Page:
Several terrorist attacks in recent months and the 2016 attempt by elements of the Turkish armed forces at a coup d'état have rightly frightened potential visitors to Turkey.
On January 25, 2017, the United States Department of State issued a warning for Americans considering travel to Turkey. The warning is the most daunting yet, citing increased acts of terrorism targeting foreigners, and specifically Americans and American interests, as well as "an increase in anti-American rhetoric." Here is the full text of the warning.
On July 21, 2016, the Turkish government declared a State of Emergency in the country, giving the president and other top leaders extraordinary powers. The State of Emergency has been extended into 2017.
Until the July 15, 2016 coup attempt, I was not personally worried about traveling to Turkey. Since the coup attempt, the Turkish authorities have been carrying out a large-scale purge of people whom they suspect of having felt sympathy for the coup attempt and/or for allegiance to Fetullah Gülen, the Islamic preacher and business and education entrepreneur who was once a close ally of major Turkish politicians.
Gülen and his followers are accused of undue influence in Turkish political, academic, military, judicial and law enforcement institutions. This means that tens of thousands of people, including military and law enforcement personnel, may lose their jobs and livelihoods, and a large number may be charged with legal offenses. What this means for society—and tourism—is unclear, so it is difficult to say if or how the safety of foreign visitors may be compromised.
The State of Emergency may mean even more vigorous security measures by the government and law enforcement.
If you are a male considering travel to Istanbul, read this!
My best advice at present is to read and consider the travel advisories issued by your government and other government agencies concerned with the safety of their nationals while traveling abroad:
I follow the diplomats' advice to avoid large gatherings, especially any that are political, etc. Please read these Travel Advisories:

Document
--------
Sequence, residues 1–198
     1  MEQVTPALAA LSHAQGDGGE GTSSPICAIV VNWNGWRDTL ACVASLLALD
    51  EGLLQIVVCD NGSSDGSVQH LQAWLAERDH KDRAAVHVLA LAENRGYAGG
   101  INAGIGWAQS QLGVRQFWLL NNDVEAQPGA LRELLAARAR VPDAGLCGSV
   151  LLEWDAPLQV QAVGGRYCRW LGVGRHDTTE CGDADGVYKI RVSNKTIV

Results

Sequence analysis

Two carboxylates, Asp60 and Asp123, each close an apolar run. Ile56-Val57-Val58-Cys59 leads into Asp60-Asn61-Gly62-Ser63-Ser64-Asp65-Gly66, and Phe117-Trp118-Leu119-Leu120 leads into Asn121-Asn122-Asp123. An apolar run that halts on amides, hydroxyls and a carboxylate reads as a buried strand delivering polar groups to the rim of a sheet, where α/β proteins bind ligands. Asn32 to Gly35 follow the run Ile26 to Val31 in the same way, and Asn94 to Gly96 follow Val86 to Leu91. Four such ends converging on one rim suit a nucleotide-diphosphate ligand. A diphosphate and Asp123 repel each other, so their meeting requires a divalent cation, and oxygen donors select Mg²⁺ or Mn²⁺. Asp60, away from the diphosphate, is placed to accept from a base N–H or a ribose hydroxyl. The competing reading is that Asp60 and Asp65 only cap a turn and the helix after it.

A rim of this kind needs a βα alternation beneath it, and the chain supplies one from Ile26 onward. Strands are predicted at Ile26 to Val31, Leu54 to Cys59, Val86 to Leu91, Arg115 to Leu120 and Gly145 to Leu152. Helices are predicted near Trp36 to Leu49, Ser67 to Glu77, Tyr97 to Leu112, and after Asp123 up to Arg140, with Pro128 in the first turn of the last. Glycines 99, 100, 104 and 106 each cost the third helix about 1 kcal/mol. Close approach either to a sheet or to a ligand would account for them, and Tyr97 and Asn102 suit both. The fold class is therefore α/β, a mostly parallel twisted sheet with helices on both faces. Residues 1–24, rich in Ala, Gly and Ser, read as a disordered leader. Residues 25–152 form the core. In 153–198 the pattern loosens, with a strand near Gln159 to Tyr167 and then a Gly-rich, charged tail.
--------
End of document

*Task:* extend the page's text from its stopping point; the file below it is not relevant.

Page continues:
As of 25 January 2017, The United Kingdom's Foreign Office has the following advisory on its website:
"Attacks are most likely to target the Turkish state, civilians and demonstrations. Nevertheless, it’s likely that some attacks will also target western interests and tourists from western countries, particularly in the major cities." Here is the full warning.
"The Foreign and Commonwealth Office (FCO) advise against all travel to within 10 km of the border with Syria.
"The FCO advise against all but essential travel to:
the remaining areas of Sirnak, Mardin, Sanliurfa, Gaziantep, Kilis and Hatay provinces
Siirt, Tunceli, Diyarbakir and Hakkari provinces.
The US Department of State has a travel warning on its website which includes this:
"The U.S. Department of State continues to warn U.S. citizens of increased threats from terrorist groups throughout Turkey. U.S. citizens should avoid travel to southeast Turkey and carefully consider the risks of travel to and throughout the country."
The Embassy of the United States in Ankara website also issues useful advice.
Here is the warning for Australian travelers.
Here is the US
Department of State's Consular
Information Sheet on Turkey,
Turkey Travel Warning and Crisis in Turkey page, with every possible warning and caution. The Department of State has also created a smartphone app that anyone—US citizen or not—can use to keep track of alerts, warnings, and safety bulletins. More...
Read the TTP
Safety Page, and make
travel decisions you can be comfortable
Government Traveler Records
Many national governments maintain records of travelers visiting foreign destinations so they can alert travelers on the road to dangers as they may arise.
For example, if you apply to join the US Department of State's Safe Traveler Enrollment Program (STEP), US diplomats in Turkey will have a record of your personal, passport, contact and emergency information in an online database. If they feel it advisable to alert you to a dangerous situation, the database can make it possible. More...
If you are not a US citizen, your country's government may have a similar program, to which you may wish to apply. It can't hurt, and it may help, if only to allay anxiety.
—by Tom Brosnahan